We don't crate Deacon when we aren't home because his seizures are so violent. He's flown off of the couch, bounced off of a dog bed, etc., but luckily never hit the wall or anything hard. We keep our house very dog safe (I'm a clutz, too) so nothing can fall on him and always keep our office closed off from the furkids. In the beginning, it seemed crating him would set off a seizure?, so that's also a reason he's left out in the house when we're gone.

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We're trying to figure out the same thing here. Our first, Sanz has epilepsy. We got Tico over the summer and keep him crated while we're out. The baby gate is set up in the hallway to block off the stairs so Sanz can't get near them. It seems to be working. At night, both dogs sleep in our bedroom so we don't crate either one, figuring we'll wake up if there's a seizure (especially considering Sanz is usually sleeping in bed with us!)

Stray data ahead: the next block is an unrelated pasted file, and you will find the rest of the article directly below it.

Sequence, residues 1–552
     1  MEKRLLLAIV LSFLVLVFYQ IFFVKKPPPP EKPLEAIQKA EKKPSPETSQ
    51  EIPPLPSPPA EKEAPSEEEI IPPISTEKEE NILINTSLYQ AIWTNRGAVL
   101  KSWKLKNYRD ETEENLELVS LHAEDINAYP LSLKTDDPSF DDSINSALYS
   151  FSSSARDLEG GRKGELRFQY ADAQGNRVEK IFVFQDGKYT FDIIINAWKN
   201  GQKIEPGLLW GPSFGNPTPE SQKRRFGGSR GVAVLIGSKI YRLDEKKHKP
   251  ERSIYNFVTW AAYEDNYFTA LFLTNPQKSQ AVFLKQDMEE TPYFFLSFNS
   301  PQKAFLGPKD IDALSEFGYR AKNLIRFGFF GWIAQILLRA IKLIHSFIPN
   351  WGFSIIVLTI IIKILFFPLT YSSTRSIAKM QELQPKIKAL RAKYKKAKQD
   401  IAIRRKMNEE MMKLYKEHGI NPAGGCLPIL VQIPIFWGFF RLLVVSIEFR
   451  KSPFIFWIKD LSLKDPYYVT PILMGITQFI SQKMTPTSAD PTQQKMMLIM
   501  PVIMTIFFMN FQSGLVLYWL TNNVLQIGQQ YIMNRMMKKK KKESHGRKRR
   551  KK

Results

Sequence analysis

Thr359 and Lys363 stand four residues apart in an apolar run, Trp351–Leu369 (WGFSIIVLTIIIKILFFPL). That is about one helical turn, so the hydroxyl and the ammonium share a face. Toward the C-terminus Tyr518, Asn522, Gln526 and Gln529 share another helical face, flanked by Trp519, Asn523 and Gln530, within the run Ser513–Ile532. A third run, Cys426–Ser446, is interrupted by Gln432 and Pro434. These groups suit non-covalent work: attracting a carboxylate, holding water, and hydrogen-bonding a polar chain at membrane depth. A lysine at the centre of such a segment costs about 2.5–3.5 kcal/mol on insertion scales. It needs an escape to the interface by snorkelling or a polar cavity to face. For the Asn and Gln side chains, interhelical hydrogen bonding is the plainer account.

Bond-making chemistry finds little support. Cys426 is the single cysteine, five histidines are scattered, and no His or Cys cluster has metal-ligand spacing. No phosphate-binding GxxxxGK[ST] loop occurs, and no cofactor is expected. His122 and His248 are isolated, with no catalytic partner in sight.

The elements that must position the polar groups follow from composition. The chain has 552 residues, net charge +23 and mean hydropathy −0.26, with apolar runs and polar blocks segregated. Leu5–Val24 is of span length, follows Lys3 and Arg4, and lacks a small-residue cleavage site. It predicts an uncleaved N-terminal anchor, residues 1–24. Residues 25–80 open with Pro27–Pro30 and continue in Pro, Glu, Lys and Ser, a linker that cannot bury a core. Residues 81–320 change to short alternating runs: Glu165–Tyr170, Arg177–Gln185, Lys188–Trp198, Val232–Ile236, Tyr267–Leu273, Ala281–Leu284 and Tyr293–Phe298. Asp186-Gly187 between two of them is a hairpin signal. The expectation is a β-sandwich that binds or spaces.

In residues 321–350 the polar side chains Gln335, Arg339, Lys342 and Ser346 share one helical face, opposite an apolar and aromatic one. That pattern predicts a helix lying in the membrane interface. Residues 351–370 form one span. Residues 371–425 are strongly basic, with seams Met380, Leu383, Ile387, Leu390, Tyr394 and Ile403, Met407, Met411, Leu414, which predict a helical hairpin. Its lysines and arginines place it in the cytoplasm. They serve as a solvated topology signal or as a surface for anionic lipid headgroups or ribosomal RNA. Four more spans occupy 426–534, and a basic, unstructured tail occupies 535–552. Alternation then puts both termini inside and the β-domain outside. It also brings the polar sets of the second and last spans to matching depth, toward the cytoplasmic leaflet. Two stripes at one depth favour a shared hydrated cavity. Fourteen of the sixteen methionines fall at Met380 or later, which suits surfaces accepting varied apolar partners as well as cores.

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  • 14 years later...

Hi

   My dog has recently been diagnosed as having idiopathic epilepsy- he had his first seizure in his crate and we went out to do a couple of errands a couple days later and put him in his crate, he seemed to be stressed in his crate (we have a room camera) so we could check on him while we were gone.  

My question is should I not crate him, and just put in in another room in the house where he can be safe next time we go out?